A U.S. appeals court today upheld the decision of a lower court in allowing the inclusion of the Ten Commandments in a courthouse display, hammering the American Civil Liberties Union and declaring, "The First Amendment does not demand a wall of
With the defense by American Center for Law and Justice , the Appeals Court ruled the ACLU is wrong about the "separation of church and state" and Judge Suhrheinrich wrote: "[the ACLU]does not embody the reasonable person."
In fact it wasn't until 1940 when the slogan "separation of church and state" became what it means today.
Now look at the First Amendment:
"Congress …" – we know what that is.
"… shall make no law …" Well now, I'll bet you thought you knew what that means. You thought it meant Congress shall make no law. But what you didn't know was that in 1940, in the Supreme Court case of Cantwell v. Connecticut, the justices decided – citing a mysterious legal principle called "incorporation" – that the First Amendment applied not just to Congress, but to state governments too. So now the federal government could force the states to follow its dictates in regards to prohibiting the "establishment" or prohibiting the "free exercise" of religion. This is obviously something the original 13 states would have rejected outright, given that half of them had state "establishments" of religion.
"…respecting an establishment of religion …" For 150 years an "establishment of religion" in the context of the First Amendment meant that a national church, a particular denomination, wouldn't be supported and imposed on the states by the federal government. But with the decline of Christianity in the U.S. and, indeed, increasing hostility toward it, the meaning of "establishment of religion" has been radically changed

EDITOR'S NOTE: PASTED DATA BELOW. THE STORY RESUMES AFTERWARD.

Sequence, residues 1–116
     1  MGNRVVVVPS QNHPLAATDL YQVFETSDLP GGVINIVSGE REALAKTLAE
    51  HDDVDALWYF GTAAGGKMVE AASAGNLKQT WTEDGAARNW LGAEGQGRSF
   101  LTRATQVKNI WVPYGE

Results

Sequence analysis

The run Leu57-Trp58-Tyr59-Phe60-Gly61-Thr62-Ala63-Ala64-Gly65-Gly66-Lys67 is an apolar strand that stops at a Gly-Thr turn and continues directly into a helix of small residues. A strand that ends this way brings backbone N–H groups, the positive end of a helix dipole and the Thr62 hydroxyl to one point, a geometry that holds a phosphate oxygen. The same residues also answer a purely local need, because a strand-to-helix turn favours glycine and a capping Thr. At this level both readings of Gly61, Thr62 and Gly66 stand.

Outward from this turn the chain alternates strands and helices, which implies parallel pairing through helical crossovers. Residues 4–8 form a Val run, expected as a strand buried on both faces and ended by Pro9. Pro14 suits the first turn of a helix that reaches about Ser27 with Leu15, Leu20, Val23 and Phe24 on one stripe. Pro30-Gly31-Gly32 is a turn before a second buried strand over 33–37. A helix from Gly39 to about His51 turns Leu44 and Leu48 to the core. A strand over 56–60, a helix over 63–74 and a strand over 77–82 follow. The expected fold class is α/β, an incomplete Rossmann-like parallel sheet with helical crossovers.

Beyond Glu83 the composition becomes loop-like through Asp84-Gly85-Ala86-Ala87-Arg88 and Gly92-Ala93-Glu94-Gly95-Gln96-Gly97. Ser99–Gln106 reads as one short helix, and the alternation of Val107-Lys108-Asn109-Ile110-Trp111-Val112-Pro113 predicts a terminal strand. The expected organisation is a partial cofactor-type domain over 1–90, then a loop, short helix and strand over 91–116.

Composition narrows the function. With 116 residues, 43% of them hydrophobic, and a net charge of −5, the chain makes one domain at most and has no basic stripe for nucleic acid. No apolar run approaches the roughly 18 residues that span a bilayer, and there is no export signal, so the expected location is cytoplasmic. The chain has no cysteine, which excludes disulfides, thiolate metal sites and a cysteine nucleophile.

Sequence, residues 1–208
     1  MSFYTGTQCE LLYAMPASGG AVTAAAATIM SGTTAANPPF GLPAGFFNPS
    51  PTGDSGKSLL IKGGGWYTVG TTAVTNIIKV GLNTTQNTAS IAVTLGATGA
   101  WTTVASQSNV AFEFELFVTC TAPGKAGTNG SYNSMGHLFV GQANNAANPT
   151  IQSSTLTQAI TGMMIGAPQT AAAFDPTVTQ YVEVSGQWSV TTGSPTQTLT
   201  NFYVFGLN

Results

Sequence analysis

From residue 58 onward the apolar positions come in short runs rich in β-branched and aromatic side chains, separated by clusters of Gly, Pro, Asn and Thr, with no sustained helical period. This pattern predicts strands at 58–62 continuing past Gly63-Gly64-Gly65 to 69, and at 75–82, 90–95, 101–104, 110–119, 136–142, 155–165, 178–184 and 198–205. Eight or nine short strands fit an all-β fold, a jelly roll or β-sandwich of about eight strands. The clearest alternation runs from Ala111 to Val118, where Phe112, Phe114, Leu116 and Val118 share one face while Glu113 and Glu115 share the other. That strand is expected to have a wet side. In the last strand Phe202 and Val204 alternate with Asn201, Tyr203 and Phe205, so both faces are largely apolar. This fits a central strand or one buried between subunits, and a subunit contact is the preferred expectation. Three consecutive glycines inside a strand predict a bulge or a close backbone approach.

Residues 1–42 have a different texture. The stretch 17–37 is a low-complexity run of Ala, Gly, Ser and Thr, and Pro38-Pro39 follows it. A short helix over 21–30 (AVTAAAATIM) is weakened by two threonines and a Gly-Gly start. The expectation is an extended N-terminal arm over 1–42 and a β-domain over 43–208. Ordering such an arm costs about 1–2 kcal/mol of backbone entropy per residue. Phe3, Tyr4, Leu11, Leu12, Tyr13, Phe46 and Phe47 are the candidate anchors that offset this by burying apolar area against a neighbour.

What it the first amendment meant to the early Americans
* In 1777, with the Revolutionary War threatening the flow of Bibles from England, Congress approved the purchase of 20,000 Bibles from Holland to give to the states.
* No fewer than six of the 13 original states had official, state-supported churches – "establishments of religion"! I'll bet you didn't know that. In fact, these states – Connecticut, Georgia, Maryland, Massachusetts, New Hampshire and South Carolina – refused to ratify the new national Constitution unless it included a prohibition of federal meddling with their existing state "establishments of religion."
Still other states required those seeking elected office to be Christians.* The Continental Congress routinely designated days of "fasting and prayer" and other religious observances, appointed government-funded chaplains, and appropriated money to pay for Christian missionaries to convert the Indians.
In other words, the original American government under the Constitution would have driven the American Civil Liberties Union stark, raving mad
tip to DFO at Huckleberries Online